The Student News Site of Saratoga High School

The Saratoga Falcon

The Saratoga Falcon

The Saratoga Falcon

Junior pursues airsoft as hobby

Two teams face off from opposite sides of the Fort Ord Airsoft Field in Marina, a community near Monterey. Each team consists of about 40 players, each clad in a unique combination of personalized gear — camouflage outfits, tactical vests, painted helmets.

“Three,” the game administrator says. “Two. One.”

The whistle blows.

Junior Matt Victoria takes off running, gun in hand and ready to shoot. The game has begun, and he is well aware that the other team is on the move as well. His focus is on keeping himself — and the teammate beside him — safe.

Often compared to paintball, airsoft is a strategy-based sport in which players use plastic airsoft guns that shoot airsoft BBs, nonlethal spherical projectiles made mainly of plastic.

Objectives in airsoft can range from basic capture the flag to military simulation (“MilSim”), which mimics real military situations such as hostage rescue. Specific game setup and rules vary from site to site and game to game. Games typically last 45 minutes to an hour.

Victoria’s passion for airsoft started four years ago. He was introduced to it by his older brother. After acquiring cheap airsoft guns, the two of them spent some time engaging in “generic backyard” airsoft. He now follows several airsoft communities and Facebook pages and goes airsofting once or twice a month.

As he continued to play, Victoria became interested in what he calls “actual, serious airsoft.”

“I started to watch YouTube videos of real people who turned this into a full-blown hobby,” he said. “I spent days on the computer watching videos, reading forums and talking to my friends about it. We knew it was an expensive hobby, but we ended up loving it.”

Admission to a playing field can cost $100 in the Santa Clara and San Jose area, he said, since all the anti-gun sentiment in these areas has made it complicated and expensive for fields to acquire all the proper permits. By contrast, fields 40 to 60 minutes away charge only $25. Airsoft guns can cost anywhere from $20 to $200, with extra costs for ammunition and additional parts.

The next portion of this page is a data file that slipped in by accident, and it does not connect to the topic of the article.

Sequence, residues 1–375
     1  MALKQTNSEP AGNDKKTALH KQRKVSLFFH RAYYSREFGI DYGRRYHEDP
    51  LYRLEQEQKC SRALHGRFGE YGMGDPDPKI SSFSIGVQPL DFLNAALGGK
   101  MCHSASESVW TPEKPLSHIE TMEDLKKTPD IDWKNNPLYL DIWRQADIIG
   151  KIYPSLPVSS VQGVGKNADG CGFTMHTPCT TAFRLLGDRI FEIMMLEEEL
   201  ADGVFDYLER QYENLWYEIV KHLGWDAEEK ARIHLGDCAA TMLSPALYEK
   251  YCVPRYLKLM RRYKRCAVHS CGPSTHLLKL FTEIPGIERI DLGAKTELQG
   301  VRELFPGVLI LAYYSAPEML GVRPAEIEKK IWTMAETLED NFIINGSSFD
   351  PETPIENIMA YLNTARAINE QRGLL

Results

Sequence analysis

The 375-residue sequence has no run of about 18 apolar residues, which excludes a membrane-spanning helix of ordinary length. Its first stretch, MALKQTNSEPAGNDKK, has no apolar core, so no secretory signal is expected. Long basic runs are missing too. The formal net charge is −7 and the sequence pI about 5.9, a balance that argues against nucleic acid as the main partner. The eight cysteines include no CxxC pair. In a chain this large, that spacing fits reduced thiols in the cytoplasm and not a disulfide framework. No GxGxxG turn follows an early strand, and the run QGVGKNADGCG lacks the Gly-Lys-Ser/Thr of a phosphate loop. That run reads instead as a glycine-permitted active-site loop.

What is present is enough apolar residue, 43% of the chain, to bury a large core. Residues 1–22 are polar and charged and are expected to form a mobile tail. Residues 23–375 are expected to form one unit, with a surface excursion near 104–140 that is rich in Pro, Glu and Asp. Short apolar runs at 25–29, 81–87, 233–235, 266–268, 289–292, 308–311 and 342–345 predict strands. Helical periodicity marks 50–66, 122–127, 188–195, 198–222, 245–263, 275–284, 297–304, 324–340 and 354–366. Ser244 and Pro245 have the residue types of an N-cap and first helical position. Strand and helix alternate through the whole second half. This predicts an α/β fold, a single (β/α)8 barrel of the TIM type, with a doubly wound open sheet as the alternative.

“Anyone who has [equipment] can do what they want to it, so of course some equipment has personal touches to it,”  said San Lorenzo Valley High School sophomore Tommy Hogye, one of Victoria’s teammates. “I’ve painted helmets in camo fashions or in other colors to make them [better fit] my personal views.”

According to Victoria, many airsofters treat their guns as if they were real firearms. Players are cautious about how they carry and store them, as they look similar to regular guns. In order to prevent a mixup, players customize them, often with brightly colored paint.

Airsoft teams usually consist of around 50 people per side playing on the same field. They can range from recreational to highly competitive teams. Victoria enjoys playing non-competitively with his friends.

He said that during a game, he has to focus on not only trying to complete the objective, but also making sure he and his teammates are not eliminated by their opponents.

“[Victoria] is very strong in his use of tactics [employed] in the military forces; he thinks [quickly] and follows directions very well, [and] also gives directions well,”  Hogye said.

Victoria added that airsoft has given him the opportunity to meet “so many new people from so many different backgrounds,” many of whom have become his good friends.

Though airsoft is not a conventional hobby, Victoria enjoys every minute he spends on it.

“It gives me that adrenaline rush,” he said. “[I love having] the camaraderie and the ability to shoot someone without actually killing them.”

Leave a Comment
More to Discover

Comments (0)

All The Saratoga Falcon Picks Reader Picks Sort: Newest

Your email address will not be published. Required fields are marked *